The son succeeded his father to the throne and ruled with great wisdom. At the end of his life, when he was about to die, he had a banner carried throughout the whole of his empire. On the banner was written: “All things pass except the love of God.”

{ filius vero regnum obtinuit et satis prudenter regebat. In fine vero vite ejus cum mori deberet, vexillum per totum imperium portari fecit et omnibus ostendit, in quo scriptum erat: Omnia transiunt preter amare deum. }

The words on the banner are a medieval European proverb squarely within Jewish and Christian religious tradition.[6] As its incorporation into the Gesta Romanorum suggests, so too is Valerius’s story as a whole.

The Gesta Romanorum aligned Valerius’s story with the Parable of the Prodigal Son. In the Gesta Romanorum version, when the son suddenly repents, he uses words of the prodigal son. The father in turn responds with actions from the parable:

Immediately the son threw the sword away and knelt before his father’s body and, weeping greatly, begged him for mercy, saying: “O good father, I have sinned against you, and I have wronged you. I have been wicked. I am no longer worthy to be called your son. I beg you to forgive me and love me and henceforth I will be your beloved son. I will follow your will in all things and serve you.”

Hearing this, the father embraced his son’s neck and kissed him. He said: “O dearly beloved son, henceforth sin no more, be a faithful son to me, and I will be a gracious father to you.” And saying this, he clothed him in costly garments and led him home himself. There he made a great banquet that included all the imperial governors.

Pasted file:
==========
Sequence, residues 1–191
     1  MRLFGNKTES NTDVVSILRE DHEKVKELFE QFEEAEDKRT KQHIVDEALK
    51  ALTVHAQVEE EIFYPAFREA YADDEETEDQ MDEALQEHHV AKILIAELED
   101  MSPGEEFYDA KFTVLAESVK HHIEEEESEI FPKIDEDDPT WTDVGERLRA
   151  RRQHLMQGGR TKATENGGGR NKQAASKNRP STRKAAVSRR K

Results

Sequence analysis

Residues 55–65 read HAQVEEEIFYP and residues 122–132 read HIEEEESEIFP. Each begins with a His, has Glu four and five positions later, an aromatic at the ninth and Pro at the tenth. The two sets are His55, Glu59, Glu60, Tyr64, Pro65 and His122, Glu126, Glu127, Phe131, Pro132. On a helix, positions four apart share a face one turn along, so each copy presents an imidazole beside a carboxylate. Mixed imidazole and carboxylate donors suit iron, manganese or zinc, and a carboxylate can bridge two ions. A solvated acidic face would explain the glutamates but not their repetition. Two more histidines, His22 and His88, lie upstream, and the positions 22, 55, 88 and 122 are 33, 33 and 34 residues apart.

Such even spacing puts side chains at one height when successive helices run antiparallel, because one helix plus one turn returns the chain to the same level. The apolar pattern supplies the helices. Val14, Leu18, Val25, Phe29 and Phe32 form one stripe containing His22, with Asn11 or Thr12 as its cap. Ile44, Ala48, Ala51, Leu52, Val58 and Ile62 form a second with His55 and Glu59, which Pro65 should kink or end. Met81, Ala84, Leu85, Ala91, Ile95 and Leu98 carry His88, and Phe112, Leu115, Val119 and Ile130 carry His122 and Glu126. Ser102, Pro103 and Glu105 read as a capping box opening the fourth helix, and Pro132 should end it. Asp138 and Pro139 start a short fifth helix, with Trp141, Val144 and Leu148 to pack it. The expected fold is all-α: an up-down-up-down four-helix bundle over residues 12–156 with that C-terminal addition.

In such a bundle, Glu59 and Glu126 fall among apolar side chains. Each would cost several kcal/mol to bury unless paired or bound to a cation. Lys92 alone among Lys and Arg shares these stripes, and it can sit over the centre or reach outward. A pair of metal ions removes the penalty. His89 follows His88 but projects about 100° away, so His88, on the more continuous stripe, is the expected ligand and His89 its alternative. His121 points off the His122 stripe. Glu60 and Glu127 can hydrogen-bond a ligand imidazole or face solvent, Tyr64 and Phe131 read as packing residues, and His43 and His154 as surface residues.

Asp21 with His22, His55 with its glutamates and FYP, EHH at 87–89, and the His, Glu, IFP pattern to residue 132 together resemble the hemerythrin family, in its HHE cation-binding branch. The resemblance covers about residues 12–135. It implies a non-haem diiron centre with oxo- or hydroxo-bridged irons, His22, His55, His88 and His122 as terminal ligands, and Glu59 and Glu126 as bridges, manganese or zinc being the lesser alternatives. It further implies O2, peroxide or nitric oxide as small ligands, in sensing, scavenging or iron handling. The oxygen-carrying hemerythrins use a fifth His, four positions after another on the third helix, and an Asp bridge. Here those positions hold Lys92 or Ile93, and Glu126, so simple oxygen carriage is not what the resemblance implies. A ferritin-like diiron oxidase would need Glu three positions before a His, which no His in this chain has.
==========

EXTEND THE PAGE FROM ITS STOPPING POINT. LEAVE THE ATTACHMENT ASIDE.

{ statim gladium a se projecit et coram patre genua flexit cum fletu magno misericordiam ab eo petens, ait: “O bone pater, peccavi in te, quia male egi; iniquitatem feci. Jam non sum dignus vocari filius tuus. Peto, ut remittas michi et me diligas et ammodo ero filius tuus dilectus, et per omnia secundum tuam voluntatem ministrabo tibi.”

Pater hec audiens cecidit super collum ejus et osculatus est eum et ait: “O fili dilectissime, ammodo non pecces, esto michi fidelis filius, et ero tibi graciosus pater.” Et hoc dicto induit eum vestimentis preciosis, et eum secum ad domum duxit et magnum convivium satrapis imperii fecit. }

The Gesta Romanorum made these and other minor changes in Valerius’s story to bring it closer to the Parable of the Prodigal Son.[7]

Rembrant, Return of the Prodigal Son

The moralization of Valerius’s story in the Gesta Romanorum explicitly invokes the Parable of the Prodigal Son. As is typical in the Gesta Romanorum, the moralization is schematic and wide-ranging. It’s an allegory in which the Emperor Alexander is Jesus Christ, the Empress is the Holy Church, and the son is a bad Christian. The bad Christian seeks the death of Christ. The sword is the free will with which God endows humans. Seeking Christ’s death means abandoning the Lord, which is like going to a far land and there squandering one’s wealth and acting shamefully. The moralization associates the son’s non-filial violence and repentance with the Prodigal Son’s departure and return. The moralization’s conclusion parallels the story’s conclusion, but theologizes it: